Minority report: the doors are open to minority job applicants in France

Employment opportunities for people from ethnic minority communities in France are slowly improving thanks to many companies implementing outreach hiring schemes. Leah Larkin reports.

While ethnic minorities have traditionally held low-level ‘blue collar’ jobs in France, doors are now opening at senior level and for management slots.

Riots in many of France’s immigrant-populated neighbourhoods last autumn heightened awareness of the plight of ethnic minorities. But employers began to change their attitudes several years ago and started reassessing their discriminatory practices.

French law prohibits differentiating between people on the basis of colour or race. Companies are prevented from keeping records of the number of employees with minority backgrounds.

However, employers have begun putting diversity policies into practice, raising awareness and broadening recruitment procedures. Rail company SNCF, car manufacturer Peugeot, the Accor hotel group and supermarket giant Casino are all considered leaders in their campaigns to diversify.

In the financial sector, banks such as BNP Paribas and Société Générale are paving the way, as well as the financial services giant, AXA. Financial companies have an added incentive to diversity. Immigrants and their educated offspring make up a growing proportion of society. These institutions will profit if they have employees who mirror the client base.

“As our customers get more diversified, we need to have diversified teams to understand their needs,” said Sofia Merlo, head of individual career management at BNP Paribas. “We have to open ourselves to all kinds of profiles if we want to fulfill our recruitment objectives.”

Several years ago Société Générale took the bold step of piloting an annual recruitment event at a stadium in a Paris suburb with a large ethnic minority population.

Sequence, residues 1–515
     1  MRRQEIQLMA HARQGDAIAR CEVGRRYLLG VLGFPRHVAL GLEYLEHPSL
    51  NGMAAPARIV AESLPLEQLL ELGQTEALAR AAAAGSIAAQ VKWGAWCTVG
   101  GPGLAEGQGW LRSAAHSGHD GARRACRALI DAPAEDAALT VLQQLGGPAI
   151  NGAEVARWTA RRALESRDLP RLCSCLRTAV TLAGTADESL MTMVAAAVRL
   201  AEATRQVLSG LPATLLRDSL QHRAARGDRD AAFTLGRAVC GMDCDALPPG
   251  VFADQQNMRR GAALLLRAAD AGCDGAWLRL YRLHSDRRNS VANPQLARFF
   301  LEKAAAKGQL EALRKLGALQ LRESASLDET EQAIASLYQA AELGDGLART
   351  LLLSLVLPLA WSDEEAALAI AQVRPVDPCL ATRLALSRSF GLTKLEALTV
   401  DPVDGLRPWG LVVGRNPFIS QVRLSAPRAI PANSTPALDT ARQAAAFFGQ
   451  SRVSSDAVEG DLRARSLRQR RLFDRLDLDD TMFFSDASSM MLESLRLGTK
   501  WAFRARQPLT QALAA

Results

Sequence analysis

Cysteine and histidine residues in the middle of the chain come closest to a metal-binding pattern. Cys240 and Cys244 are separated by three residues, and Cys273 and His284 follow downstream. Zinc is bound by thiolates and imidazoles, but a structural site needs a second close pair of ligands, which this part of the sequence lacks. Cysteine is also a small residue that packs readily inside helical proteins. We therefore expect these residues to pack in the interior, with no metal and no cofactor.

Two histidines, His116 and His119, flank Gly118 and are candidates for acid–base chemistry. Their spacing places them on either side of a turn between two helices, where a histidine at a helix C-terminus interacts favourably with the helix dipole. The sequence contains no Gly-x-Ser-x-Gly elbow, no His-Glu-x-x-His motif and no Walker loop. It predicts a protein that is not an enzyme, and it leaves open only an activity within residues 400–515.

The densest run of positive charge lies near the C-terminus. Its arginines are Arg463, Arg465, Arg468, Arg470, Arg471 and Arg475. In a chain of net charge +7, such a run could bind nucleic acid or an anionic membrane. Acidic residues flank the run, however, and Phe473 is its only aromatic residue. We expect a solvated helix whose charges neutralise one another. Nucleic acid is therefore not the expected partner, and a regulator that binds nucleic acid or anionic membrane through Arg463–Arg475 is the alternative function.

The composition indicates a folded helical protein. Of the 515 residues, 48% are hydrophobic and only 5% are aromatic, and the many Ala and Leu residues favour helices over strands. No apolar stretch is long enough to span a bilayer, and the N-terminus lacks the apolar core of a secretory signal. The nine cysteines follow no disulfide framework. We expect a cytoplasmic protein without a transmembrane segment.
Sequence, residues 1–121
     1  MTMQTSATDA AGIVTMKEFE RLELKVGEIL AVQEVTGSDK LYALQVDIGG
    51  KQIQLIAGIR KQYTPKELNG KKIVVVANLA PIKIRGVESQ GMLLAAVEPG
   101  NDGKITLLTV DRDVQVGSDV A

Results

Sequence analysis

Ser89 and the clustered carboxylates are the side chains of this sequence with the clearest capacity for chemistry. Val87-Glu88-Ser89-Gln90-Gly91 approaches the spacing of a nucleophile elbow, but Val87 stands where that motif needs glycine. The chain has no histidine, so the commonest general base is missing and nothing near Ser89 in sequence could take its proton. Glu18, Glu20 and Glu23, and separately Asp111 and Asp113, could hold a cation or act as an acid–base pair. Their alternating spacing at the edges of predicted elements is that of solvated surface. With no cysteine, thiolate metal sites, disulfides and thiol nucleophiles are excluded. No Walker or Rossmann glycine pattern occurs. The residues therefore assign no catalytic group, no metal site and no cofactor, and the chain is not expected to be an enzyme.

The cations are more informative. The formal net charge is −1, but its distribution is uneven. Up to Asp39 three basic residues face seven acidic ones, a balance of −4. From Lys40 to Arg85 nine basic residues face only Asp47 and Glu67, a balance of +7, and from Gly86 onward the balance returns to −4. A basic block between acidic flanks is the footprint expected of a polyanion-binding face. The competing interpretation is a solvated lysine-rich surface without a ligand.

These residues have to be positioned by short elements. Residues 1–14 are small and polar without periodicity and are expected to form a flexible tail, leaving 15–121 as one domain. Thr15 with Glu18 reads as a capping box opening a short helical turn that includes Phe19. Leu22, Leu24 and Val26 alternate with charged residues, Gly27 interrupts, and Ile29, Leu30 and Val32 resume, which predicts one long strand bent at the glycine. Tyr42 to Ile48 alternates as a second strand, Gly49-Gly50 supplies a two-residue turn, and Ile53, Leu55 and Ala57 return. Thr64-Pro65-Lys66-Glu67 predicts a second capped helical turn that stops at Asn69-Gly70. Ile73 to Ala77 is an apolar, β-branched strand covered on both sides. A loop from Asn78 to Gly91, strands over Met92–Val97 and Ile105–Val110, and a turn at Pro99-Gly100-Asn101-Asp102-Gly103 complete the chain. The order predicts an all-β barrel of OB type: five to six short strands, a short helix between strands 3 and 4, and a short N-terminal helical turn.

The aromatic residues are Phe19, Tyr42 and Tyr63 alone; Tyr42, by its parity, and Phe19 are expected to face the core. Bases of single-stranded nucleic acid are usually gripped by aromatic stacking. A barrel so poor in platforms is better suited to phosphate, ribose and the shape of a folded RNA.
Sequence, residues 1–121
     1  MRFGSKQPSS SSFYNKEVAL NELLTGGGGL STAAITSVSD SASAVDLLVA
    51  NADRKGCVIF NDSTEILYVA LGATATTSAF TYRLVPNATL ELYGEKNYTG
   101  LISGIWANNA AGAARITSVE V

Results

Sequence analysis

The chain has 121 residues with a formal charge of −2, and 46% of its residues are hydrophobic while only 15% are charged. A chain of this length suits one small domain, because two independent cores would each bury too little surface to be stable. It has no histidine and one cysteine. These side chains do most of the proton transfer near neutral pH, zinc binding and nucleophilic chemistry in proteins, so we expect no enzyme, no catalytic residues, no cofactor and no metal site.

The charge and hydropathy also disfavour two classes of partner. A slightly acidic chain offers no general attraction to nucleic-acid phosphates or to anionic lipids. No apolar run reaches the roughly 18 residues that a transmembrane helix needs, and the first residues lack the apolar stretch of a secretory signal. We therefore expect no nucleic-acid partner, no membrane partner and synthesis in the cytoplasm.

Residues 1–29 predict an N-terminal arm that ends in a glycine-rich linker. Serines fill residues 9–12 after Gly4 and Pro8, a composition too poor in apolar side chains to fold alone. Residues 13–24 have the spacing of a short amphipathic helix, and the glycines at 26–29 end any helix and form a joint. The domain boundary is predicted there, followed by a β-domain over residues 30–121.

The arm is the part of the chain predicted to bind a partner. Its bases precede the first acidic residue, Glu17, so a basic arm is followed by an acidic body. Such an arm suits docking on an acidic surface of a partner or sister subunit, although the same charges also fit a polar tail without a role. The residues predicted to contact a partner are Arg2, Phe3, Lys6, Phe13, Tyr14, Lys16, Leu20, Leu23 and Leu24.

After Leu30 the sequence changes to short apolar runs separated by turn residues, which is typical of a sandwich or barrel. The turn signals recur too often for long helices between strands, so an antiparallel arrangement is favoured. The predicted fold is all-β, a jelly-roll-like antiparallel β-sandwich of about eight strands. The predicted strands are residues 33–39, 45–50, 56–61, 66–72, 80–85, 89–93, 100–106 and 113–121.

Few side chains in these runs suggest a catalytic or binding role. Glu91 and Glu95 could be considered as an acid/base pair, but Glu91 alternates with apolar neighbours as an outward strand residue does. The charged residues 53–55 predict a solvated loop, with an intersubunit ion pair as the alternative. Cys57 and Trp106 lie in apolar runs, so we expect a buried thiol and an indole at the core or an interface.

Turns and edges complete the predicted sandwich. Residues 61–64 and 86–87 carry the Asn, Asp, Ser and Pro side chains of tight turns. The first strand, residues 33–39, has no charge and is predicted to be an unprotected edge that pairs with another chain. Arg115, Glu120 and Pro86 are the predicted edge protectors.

Traditionally, Société Générale, as well as many French companies, looked at diplomas when hiring, and applicants with the degrees were usually white. Phelps said the bank used to limit hiring to those with a baccalaureate and between two and five years of additional study. But that’s all changed.

“We’re opening up,” she said. “We’re looking at those without a baccalaureate. This is intellectually a big shift for this country and the bank.”

BNP Paribas, which features ethnic minorities in its recruitment ads, also has a hiring programme targeted at those without a diploma. Those hired have a two-year apprenticeship scheme with the bank before being taken on in a permanent role.

The bank also initiated a new recruitment drive last year, ‘immediate interviews’, whereby candidates can apply directly in bank branches for permanent sales positions, opening up more opportunities to ethnic minorities.

In its effort to open doors to minorities, AXA introduced an anonymous online application system for sales roles. Photographs and names, clear indicators of ethnic background, are eliminated. The company appointed a chief diversity officer in 2005 and has a diversity council to support and advise senior management.

Phelps at Société Générale said employing more people from ethnic minority communities will lead to more diverse teams and innovation. “Bringing people together with different backgrounds, who don’t think alike, will have a positive impact on performance,” she said.

Merlo at BNP Paribas, agrees. “Having diversified teams favours innovation and creativity,” she said.

SOS Racisme, an organisation fighting discrimination, is working to change the mentality in France, to motivate more companies to change their ways of hiring. “Our biggest victory,” says Marelou Gambolsky, press secretary of the organisation, “is raised consciousness.”

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